After the parade ended, our time at Cooperstown was sadly coming to an end. I said goodbye to my new friends (after becoming friends on social media, so we could keep in touch), and my peeps and I headed back to our AirBnb (which was about 40 minutes from Cooperstown). It was a super cute place in the middle of nowhere, but during Induction Weekend, rooms are hard to find near Cooperstown.
My baseball peeps!!
We left the next day for New York City, which is where we parted ways. My friends were going to head on to Cleveland from there and I was going to stay in NYC for the week visiting some friends. I'll post my NYC trip recap in another post. :)


Monday, July 8, 2019

A Very YOLO Trip: Ohio

We left Detroit early the next day to make our way towards Cleveland for the final game of our baseball trip. We did pass through Taylor, Michigan on our way, which is the hometown of former Atlanta Braves great Steve Avery. :) I'm sad to say there was NO statue of him by the city limit sign. Oh well. 

We had one scheduled stop along our way in Fremont, Ohio to see the Rutherford B. Hayes Presidential Library and Museum (because- history!) To be honest, before we made the stop, I knew absolutely nothing about President Hayes. But, that's one reason I love stopping at places like this- I learn something new. And there was SO MUCH to learn at this one.

The house where President Hayes lived was next door to the library and museum, so we took a tour of that first. We had an amazing tour guide who knew so much about President Hayes and his wife, Lucy. You could tell this guide had a passion for the history of the president, and it wasn't just a script he had memorized. We weren't allowed to take photos inside the house, but we learned that over 90 percent of the furniture and artifacts inside the house belonged to the Hayes family. 

First Lady Lucy Hayes seemed like an amazing woman, I'm still determined to read up on her. She was the first First Lady to receive a college diploma. She was an advocate for African-Americans before and after the Civil War and she invited the first professional African-American musician to perform in the White House. She is known as Lemonade Lucy because the Hayes family didn't serve alcohol while they lived in the White House.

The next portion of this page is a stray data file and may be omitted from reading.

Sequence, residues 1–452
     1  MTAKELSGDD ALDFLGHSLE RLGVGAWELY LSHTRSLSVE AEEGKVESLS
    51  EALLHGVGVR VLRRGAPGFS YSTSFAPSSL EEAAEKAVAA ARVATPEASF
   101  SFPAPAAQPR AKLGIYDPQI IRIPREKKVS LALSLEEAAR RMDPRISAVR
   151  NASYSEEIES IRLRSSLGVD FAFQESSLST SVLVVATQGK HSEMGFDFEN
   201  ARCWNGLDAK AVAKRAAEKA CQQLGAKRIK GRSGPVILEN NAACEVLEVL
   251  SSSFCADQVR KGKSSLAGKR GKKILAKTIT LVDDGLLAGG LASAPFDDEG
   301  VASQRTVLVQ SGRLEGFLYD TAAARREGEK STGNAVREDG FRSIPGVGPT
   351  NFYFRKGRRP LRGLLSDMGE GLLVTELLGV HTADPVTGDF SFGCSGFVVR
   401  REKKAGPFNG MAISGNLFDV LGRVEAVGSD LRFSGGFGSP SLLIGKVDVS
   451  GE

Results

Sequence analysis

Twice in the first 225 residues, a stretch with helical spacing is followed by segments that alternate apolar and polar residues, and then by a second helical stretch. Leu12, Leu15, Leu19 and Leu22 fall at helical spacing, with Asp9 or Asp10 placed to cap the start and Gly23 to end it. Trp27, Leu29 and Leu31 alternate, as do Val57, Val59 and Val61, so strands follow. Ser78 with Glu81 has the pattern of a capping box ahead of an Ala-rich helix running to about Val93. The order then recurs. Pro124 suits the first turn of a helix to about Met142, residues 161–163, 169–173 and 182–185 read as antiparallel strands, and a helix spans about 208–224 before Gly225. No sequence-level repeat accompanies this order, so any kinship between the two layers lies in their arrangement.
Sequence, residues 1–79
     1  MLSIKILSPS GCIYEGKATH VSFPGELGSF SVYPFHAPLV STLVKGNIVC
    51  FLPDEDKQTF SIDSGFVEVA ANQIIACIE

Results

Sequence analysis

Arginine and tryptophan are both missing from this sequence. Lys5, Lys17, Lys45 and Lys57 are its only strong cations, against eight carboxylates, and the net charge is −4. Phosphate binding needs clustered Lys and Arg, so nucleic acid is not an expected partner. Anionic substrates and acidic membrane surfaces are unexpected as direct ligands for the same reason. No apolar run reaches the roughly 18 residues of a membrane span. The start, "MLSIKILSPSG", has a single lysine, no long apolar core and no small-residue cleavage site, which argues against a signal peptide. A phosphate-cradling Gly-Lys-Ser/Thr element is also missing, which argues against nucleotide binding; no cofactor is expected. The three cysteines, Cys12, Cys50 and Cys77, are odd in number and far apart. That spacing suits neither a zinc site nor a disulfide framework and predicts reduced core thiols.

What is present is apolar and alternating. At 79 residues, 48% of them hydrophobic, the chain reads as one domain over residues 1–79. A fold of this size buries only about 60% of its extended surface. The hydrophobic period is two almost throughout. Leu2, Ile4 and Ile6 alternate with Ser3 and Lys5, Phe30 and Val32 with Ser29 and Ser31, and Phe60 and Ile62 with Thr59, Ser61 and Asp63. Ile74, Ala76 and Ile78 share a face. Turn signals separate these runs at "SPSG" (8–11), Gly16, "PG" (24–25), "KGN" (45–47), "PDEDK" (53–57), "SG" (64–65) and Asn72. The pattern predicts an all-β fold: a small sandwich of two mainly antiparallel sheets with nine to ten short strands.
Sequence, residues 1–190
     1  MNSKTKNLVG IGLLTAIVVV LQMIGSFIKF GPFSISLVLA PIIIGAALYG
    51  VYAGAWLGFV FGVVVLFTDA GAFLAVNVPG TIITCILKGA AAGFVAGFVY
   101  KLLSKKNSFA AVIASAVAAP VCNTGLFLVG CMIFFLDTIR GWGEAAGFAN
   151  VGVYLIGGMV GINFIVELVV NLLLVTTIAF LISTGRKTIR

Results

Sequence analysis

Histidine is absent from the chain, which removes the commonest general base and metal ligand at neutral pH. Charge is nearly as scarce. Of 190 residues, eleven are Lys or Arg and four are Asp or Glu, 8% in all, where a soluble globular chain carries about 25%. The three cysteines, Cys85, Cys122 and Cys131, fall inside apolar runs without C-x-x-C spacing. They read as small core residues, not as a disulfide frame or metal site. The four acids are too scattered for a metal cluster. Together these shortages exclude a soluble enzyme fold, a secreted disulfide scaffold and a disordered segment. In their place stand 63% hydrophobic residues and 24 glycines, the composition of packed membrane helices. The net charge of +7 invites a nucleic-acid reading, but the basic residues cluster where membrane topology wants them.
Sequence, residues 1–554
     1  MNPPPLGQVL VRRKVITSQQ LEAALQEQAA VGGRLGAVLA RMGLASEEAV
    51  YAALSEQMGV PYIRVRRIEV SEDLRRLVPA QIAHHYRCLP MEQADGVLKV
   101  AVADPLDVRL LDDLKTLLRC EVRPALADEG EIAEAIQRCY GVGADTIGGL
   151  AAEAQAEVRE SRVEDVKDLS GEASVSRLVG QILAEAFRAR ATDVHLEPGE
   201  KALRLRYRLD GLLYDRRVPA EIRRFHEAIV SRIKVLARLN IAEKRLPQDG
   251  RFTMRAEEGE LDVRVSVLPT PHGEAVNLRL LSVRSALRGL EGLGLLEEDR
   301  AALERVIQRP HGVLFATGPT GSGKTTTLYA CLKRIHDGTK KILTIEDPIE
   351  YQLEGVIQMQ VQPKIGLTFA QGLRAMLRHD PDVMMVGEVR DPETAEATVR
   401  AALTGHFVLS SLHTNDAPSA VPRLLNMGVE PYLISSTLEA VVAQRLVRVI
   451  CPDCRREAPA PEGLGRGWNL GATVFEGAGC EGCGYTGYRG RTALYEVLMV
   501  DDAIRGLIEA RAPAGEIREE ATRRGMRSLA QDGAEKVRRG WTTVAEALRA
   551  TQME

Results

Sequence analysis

Lucy's college diploma
We were there on a Tuesday in early May, so it wasn't super crowded. Although I'm not sure how crowded it gets on a weekend or during summer months. If you ever find yourself near Fremont, OH, I recommend stopping. Even if history isn't your thing, I think you will find it interesting.

We continued on to Cleveland, where we got to Progressive Field two hours before the game started and just as the gates were opening. Oh, but wait. At Progressive Field, you are only allowed to stay in the outfield and Indians Hall of Fame plaque area until an hour before the game starts. This means you can't walk around the concourse or try and get photos of batting practice. Kinda dumb. 

Finally when they allowed us to walk around we went to the Indians side because Lisa wanted to try and get some autographs and I was hoping to see my high school friend Matt Belisle (who was a pitcher for the Indians at that time). She got a few autographs (but not the one she really wanted), and I saw Matt from a distance, but sadly not close enough to say hi. As we were heading up towards the team store, a Cleveland fan let us know that the Indians players would sometimes sign autographs at the gate by their parking area. We decided we would check that out after the game.

We had great seats behind the Rangers dugout. It was season ticket holder club level seating (and we got the seats for a great deal on StubHub). It was so fancy that the ushers checked your ticket multiple times to make sure you were supposed to be sitting there. We had access to the season ticket holder club inside but with a view like this, why would we want to leave our seats?

At one point during the game, Elvis Andrus noticed my Rangers gear and told the usher to give me a ball. Halfway through the game my phone starting blowing up because the Rangers telecast put us on TV and everyone had to tell me. Lol. Of course they didn't catch us smiling, but oh well.

The Rangers had a four-run lead going into the bottom of the 9th. SOMEONE (not me) decided to say that our closer was going to blow the game by giving up a grand slam. And guess what, that is what happened. Thanks a lot Kela. So, we got free baseball. Two innings worth of free baseball. BUT THANKFULLY, the Rangers were able to get a win for us in the 11th. 

After the game we decided to stalk, I mean, wait to see if any Indians players would sign as they were leaving, so we camped out by the Indians parking lot. There were a lot of other fans there, so evidently it's a well-known fact that they sometimes sign. While we were waiting, I noticed a Rangers pitcher (Jake Diekman, who is actually no longer on the team) walking out of the Indians parking lot. A few other people approached him, so I walked up in my Rangers gear, congratulated him on their win, and asked for a photo. As you've noticed, I go for a photo op over an autograph, it just means more to me. He was super nice (and his super nice wife took the photo for us). I told her she was a champ and she laughed and said she was used to it and she really didn't mind doing it.